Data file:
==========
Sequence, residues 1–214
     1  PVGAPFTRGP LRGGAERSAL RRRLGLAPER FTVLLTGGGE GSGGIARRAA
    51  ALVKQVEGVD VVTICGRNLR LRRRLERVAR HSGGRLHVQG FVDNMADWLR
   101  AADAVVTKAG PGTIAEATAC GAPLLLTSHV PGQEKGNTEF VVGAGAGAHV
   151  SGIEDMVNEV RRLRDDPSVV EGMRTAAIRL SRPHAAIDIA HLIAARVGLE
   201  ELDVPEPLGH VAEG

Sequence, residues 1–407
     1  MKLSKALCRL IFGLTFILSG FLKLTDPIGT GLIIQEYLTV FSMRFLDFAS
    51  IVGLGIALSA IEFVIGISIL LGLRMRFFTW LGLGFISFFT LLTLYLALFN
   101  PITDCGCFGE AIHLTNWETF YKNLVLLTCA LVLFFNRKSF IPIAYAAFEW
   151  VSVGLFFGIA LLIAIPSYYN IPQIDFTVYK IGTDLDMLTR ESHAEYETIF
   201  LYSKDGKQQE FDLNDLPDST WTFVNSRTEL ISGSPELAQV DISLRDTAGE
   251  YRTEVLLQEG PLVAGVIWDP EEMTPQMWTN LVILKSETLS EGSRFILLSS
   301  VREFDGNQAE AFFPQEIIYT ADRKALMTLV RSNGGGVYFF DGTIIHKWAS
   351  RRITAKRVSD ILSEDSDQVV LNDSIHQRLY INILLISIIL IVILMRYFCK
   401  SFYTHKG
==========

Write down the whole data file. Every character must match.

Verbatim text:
Sequence, residues 1–214
     1  PVGAPFTRGP LRGGAERSAL RRRLGLAPER FTVLLTGGGE GSGGIARRAA
    51  ALVKQVEGVD VVTICGRNLR LRRRLERVAR HSGGRLHVQG FVDNMADWLR
   101  AADAVVTKAG PGTIAEATAC GAPLLLTSHV PGQEKGNTEF VVGAGAGAHV
   151  SGIEDMVNEV RRLRDDPSVV EGMRTAAIRL SRPHAAIDIA HLIAARVGLE
   201  ELDVPEPLGH VAEG

Sequence, residues 1–407
     1  MKLSKALCRL IFGLTFILSG FLKLTDPIGT GLIIQEYLTV FSMRFLDFAS
    51  IVGLGIALSA IEFVIGISIL LGLRMRFFTW LGLGFISFFT LLTLYLALFN
   101  PITDCGCFGE AIHLTNWETF YKNLVLLTCA LVLFFNRKSF IPIAYAAFEW
   151  VSVGLFFGIA LLIAIPSYYN IPQIDFTVYK IGTDLDMLTR ESHAEYETIF
   201  LYSKDGKQQE FDLNDLPDST WTFVNSRTEL ISGSPELAQV DISLRDTAGE
   251  YRTEVLLQEG PLVAGVIWDP EEMTPQMWTN LVILKSETLS EGSRFILLSS
   301  VREFDGNQAE AFFPQEIIYT ADRKALMTLV RSNGGGVYFF DGTIIHKWAS
   351  RRITAKRVSD ILSEDSDQVV LNDSIHQRLY INILLISIIL IVILMRYFCK
   401  SFYTHKG